If you’ve already secured your web hosting and purchased your domain, then chances are you already have a top-level domain. Still, you might be wondering what a top-level domain actually is?
Below we dive into the purpose of top-level domains, the hierarchy of domain names, and go into a few of the most common top-level domain extensions.
A top-level domain is the final segment of the domain name. They’re also known as domain suffixes. It’s the section that follows the final “dot” in your web address. Top-level domains are broken down into two different categories, country-specific top-level domains, and generic top-level domains.
Top-level domains help to identify certain website elements, such as, the type of business, the country of origin, whether it’s a government site, school website, and more. The guidelines for a domain TLD used to be very strict, however, in 2010 The Internet Corporation for Assigned Names and Numbers (ICANN) relaxed their guidelines when it comes to generic top-level domains and company trademarks.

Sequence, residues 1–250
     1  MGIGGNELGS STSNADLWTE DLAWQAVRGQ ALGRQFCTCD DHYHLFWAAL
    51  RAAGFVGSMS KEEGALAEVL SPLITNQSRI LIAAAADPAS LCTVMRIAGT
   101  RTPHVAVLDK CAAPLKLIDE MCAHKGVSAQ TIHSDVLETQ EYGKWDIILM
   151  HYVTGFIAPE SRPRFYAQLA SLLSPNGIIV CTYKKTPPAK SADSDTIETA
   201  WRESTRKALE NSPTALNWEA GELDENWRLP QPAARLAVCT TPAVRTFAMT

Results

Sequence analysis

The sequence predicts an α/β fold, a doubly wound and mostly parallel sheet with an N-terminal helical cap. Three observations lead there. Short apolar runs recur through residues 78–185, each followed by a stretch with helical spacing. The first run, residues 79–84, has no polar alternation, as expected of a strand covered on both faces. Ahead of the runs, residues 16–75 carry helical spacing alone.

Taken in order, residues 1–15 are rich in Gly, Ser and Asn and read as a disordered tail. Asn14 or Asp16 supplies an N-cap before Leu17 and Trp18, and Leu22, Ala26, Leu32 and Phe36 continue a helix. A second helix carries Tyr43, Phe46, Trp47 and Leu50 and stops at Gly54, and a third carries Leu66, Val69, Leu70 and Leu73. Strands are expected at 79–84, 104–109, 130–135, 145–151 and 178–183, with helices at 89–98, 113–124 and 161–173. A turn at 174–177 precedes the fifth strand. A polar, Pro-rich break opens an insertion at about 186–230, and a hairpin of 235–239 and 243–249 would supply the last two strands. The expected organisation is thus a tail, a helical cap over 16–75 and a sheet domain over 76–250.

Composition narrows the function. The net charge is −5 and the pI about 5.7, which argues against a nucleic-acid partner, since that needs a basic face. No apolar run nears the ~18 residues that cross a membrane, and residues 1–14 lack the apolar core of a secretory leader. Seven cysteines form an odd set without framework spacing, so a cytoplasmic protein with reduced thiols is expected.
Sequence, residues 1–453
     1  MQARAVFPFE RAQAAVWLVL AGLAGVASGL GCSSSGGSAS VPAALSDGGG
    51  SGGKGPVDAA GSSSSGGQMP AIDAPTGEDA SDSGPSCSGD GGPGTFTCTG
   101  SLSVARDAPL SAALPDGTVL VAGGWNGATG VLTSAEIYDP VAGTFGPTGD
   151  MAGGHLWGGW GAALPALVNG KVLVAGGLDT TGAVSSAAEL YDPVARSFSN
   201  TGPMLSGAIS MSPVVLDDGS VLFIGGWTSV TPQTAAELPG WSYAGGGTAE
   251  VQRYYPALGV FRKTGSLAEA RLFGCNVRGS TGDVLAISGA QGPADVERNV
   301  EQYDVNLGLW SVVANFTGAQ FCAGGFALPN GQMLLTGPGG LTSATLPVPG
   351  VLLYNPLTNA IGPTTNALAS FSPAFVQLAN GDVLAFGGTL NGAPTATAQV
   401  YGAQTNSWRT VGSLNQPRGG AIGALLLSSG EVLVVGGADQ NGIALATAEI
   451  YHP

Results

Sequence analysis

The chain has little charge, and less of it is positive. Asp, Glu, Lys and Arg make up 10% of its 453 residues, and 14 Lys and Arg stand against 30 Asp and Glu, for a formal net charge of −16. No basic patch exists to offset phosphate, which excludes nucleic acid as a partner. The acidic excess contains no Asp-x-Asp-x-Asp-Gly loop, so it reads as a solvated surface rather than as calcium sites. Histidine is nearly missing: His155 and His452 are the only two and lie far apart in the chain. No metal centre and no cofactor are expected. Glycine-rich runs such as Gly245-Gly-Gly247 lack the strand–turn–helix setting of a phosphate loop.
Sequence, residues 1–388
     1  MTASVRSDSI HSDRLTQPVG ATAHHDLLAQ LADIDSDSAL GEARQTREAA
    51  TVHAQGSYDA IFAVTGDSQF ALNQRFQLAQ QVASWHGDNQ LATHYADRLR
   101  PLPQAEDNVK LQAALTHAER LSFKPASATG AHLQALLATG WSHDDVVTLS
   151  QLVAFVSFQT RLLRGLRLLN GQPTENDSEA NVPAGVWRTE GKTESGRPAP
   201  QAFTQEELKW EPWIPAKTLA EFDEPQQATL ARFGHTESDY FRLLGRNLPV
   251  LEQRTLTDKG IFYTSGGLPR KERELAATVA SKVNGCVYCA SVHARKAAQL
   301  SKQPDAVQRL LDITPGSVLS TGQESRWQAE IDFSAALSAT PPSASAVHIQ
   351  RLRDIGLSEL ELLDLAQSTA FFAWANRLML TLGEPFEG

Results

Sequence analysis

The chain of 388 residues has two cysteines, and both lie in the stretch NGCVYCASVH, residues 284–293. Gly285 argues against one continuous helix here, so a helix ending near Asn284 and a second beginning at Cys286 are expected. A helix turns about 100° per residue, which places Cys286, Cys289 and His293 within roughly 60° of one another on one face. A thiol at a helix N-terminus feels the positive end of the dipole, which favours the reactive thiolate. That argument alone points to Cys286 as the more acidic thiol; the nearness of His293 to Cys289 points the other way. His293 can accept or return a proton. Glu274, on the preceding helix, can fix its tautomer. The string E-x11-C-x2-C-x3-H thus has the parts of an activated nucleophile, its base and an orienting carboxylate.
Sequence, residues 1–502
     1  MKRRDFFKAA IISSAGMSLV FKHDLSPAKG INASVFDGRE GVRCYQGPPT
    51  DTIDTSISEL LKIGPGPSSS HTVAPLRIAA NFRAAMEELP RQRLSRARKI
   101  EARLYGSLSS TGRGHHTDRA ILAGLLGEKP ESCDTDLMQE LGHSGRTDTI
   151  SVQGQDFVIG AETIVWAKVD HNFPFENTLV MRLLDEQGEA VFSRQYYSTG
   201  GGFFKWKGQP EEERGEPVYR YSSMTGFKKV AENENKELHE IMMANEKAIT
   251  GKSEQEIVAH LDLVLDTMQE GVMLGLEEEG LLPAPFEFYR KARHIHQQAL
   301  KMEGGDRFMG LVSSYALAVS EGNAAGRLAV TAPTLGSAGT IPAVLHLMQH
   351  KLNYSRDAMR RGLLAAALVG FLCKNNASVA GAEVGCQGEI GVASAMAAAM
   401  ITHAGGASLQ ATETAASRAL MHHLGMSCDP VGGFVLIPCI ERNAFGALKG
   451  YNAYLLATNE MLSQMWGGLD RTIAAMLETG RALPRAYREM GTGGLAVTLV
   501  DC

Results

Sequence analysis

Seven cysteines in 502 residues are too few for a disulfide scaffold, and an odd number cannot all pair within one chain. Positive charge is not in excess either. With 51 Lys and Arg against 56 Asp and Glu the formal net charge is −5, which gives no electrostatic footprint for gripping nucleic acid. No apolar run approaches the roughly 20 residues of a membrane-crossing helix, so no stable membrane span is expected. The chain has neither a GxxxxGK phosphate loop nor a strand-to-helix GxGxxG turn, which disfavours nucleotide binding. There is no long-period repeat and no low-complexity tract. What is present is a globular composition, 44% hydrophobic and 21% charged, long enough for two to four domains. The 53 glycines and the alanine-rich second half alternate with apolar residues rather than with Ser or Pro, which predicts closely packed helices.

The Domain Name System (DNS) is the naming system for online services, computers, or any resources that are connected to the Internet. It works to associate domain names to each company, website, or service. It also translates the domain name into the numerical IP address that’s needed for the network protocols to function correctly.
There are a variety of extensions you’ll be able to choose from depending on your style of business or organization, while others can purely be for fun. It’s important to choose a domain extension that’s in alignment with your business. We highlight the most common below:
There are also more region specific domains, called Country-Code Top-Level Domains (ccTLD), such as, co.zw (Zimbabwe) co.za (South Africa), .co.uk (United Kingdom), .au (Australia), .de (Denmark), .fr (France), and more. For a full list take a look at this article from Wikipedia.
The top-level domain that you choose will also communicate a lot about your business. By far the most common top level domain is .com, but you’re free to choose the extension that’s most in alignment with your website.
Any common top-level domains we missed? Share your favorites in the comments below.